Many of us have read Victor Hugo’s, The Hunchback of Notre Dame, a classic, yet dark depiction of a physically deformed, socially rejected “orphan” whose name is Quasimodo. He is a grotesquely malformed person who has been relegated by society to merely ringing the bell at the great cathedral of Notre Dame, which subsequently caused his deafness. Of minimal verbal abilities, facial deformities, partial paralysis in his limbs and yes, the hunch in his back, he was abandoned as a baby, and lived out his days in the cathedral, as the public shunned him for his appearance. One of the rare excursions outside was to the Festival of Fools where he was elected Pope of Fools because of his perfect hideous “disguise,” a rare time of “acceptance” by the community.
Long etched upon my brain is the way a squinting Quasimodo holds his disobliging arm and drags his lifeless leg along behind him in an effort to ambulate an uncooperative body through a hostile environment. Physical disabilities of any nature are heartbreaking for sure, and yet a consequence to living in a fallen world, still it is hard to believe someone would choose to be that way.
In Ephesians 5:25-27, we learn that, “Christ also loved the church and gave Himself up for her, so that He might sanctify her, having cleansed her by the washing of water with the Word, that He might present to Himself the church in all her glory, having no spot or wrinkle or any such thing; but that she would be holy and blameless.” This doesn’t sound like the Bride of Christ I see. Not only are we riddled with spots, but I fear we altogether resemble the likes of Quasimodo, dragging ourselves through a hostile world, a poor witness to spiritual unity and health.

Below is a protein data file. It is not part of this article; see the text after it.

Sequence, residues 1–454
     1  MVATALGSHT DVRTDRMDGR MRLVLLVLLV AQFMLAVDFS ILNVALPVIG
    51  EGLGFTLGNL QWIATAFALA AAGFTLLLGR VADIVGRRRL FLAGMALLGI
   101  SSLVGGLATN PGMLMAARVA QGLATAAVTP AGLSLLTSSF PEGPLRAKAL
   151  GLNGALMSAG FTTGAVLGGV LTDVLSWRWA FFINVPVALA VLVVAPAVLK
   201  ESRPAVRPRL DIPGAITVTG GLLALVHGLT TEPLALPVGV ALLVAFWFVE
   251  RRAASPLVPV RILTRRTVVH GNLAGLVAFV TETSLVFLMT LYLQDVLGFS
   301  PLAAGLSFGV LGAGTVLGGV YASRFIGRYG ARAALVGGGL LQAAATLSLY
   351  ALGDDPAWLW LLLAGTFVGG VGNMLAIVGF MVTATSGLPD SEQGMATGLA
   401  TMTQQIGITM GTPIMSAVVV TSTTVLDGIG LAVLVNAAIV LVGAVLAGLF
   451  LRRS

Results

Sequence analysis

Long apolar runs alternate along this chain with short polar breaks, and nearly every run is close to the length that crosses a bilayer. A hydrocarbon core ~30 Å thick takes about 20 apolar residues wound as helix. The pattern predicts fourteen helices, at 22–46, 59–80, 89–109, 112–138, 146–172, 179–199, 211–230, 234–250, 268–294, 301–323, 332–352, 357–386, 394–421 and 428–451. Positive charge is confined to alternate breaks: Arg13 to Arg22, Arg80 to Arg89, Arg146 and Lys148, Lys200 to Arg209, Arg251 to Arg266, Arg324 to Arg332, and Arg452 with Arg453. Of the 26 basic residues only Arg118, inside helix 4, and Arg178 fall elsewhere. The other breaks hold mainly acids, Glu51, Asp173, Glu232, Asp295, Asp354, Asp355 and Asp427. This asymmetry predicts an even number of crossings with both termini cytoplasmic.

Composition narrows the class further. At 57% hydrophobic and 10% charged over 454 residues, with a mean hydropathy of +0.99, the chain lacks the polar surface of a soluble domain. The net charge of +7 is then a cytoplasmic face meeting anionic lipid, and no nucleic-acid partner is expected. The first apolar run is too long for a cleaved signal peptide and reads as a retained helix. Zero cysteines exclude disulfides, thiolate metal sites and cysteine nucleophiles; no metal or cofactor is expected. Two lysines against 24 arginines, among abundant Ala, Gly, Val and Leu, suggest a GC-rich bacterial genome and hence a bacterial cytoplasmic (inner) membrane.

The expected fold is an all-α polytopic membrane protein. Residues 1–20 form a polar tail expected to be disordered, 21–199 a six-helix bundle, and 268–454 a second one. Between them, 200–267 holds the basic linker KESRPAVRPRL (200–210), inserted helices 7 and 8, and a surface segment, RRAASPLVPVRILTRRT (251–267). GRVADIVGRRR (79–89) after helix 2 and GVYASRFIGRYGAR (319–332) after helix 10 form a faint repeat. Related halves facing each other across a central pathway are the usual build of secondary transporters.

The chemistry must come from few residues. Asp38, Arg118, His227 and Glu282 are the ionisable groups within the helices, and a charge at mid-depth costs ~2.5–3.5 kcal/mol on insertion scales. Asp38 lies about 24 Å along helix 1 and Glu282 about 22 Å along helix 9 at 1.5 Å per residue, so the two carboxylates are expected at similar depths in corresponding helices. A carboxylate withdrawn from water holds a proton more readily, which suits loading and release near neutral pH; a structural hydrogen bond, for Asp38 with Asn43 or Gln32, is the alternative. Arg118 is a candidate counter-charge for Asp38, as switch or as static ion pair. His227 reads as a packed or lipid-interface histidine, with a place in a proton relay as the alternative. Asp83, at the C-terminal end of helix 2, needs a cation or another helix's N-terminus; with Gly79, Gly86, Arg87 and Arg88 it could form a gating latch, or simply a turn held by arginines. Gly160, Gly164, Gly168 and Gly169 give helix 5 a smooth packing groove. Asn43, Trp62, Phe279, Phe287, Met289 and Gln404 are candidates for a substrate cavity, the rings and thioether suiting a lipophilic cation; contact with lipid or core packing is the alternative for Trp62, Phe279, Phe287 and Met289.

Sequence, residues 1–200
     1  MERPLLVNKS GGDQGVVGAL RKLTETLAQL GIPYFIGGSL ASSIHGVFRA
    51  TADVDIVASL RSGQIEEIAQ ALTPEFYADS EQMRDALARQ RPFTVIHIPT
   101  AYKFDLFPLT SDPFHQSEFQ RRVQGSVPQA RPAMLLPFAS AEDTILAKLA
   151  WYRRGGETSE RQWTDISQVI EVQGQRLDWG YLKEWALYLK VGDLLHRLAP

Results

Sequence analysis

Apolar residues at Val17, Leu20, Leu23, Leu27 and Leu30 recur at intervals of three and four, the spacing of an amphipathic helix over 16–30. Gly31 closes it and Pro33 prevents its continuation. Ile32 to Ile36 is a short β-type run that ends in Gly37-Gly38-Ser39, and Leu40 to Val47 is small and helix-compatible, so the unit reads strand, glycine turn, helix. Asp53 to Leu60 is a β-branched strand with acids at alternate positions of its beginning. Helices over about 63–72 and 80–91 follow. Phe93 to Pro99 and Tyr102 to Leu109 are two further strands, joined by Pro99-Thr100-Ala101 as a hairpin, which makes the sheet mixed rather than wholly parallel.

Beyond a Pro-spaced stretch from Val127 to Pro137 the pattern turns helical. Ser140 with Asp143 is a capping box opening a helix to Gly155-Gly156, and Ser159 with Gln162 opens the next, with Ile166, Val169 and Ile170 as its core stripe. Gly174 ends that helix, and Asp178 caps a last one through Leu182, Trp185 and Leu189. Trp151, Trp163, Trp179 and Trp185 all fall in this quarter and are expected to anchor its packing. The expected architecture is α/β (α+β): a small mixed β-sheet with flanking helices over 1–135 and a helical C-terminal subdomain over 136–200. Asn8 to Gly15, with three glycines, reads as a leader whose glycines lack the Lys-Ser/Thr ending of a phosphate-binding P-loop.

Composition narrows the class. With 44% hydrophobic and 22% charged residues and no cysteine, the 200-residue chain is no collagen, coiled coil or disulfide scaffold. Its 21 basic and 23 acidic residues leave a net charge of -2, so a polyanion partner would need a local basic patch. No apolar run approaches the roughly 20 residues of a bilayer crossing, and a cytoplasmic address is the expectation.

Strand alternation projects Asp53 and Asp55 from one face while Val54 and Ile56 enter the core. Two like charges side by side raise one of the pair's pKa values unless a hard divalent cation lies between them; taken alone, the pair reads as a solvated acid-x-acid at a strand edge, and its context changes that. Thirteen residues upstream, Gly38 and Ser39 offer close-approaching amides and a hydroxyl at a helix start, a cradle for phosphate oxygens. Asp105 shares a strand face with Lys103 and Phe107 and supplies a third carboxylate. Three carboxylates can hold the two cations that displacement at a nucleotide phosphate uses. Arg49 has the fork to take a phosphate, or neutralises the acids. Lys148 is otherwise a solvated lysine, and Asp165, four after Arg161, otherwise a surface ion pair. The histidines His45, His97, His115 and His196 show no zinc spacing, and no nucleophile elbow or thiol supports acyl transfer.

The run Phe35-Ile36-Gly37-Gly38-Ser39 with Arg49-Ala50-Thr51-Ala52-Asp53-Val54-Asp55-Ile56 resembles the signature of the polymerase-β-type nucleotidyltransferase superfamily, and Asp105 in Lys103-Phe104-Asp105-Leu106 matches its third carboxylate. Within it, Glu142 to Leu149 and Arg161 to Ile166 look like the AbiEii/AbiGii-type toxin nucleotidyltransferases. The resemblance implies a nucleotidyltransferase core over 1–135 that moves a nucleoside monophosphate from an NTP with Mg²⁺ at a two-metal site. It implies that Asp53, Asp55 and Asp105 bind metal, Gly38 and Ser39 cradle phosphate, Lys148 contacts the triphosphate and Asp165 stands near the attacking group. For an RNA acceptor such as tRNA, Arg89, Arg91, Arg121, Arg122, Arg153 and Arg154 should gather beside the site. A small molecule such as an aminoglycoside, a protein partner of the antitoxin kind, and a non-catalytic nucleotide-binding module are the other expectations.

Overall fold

It is understood that to be born disfigured or crippled is tragic, yet to choose to become disabled is unfathomable, still that is what we have done; our condition is self-inflicted. We, His bride have become a Quasimodo Bride; our failure to use our God-given gifts is our paralysis, and our willingness to embrace sin and be unfaithful to Him is our disfigurement, our “ugliness.” As a result we have an uncooperative body, dragging ourselves along, and that which is there is often tainted with “spots,” causing us to be ineffective in our ministry to the world. We have allowed ourselves to be less than God is calling us to be.
As a consequence society says, “Hey…stay in your cathedral. Don’t come out here. We don’t want to see you…after all you are hideous!” Truly a brutal depiction of humanity, but can we blame them? Are we being washed by the Word or are we welcoming the cultural stains of sin? Are we being conformed into the image of Christ? Are we the beautiful, spotless, blameless Bride of Christ? Or are we willing to continue to be a “deaf and paralyzed” outcast called the Church, the Bride of Christ?
Can you imagine a Quasimodo Bride coming down the aisle toward Christ? I am certain that is not the picture that we are to have in regards to the Church, the Bride of Christ.
Brutal words, I know. Yet, unlike Quasimodo we have an option, a cure so to speak. We can surrender to God. We can bow the knee and begin to work together for the glory of Christ. We can use our gifts. We can elect to be washed by the Word, and surrender to the will of God. Or we can continue to drag ourselves along having minimal influence upon a world which so desperately needs the Savior whom we represent. No paralysis, no disfigurement – rather, the way we were intended to be by our Creator.
The Bride who Christ is expecting! Lord, help us please!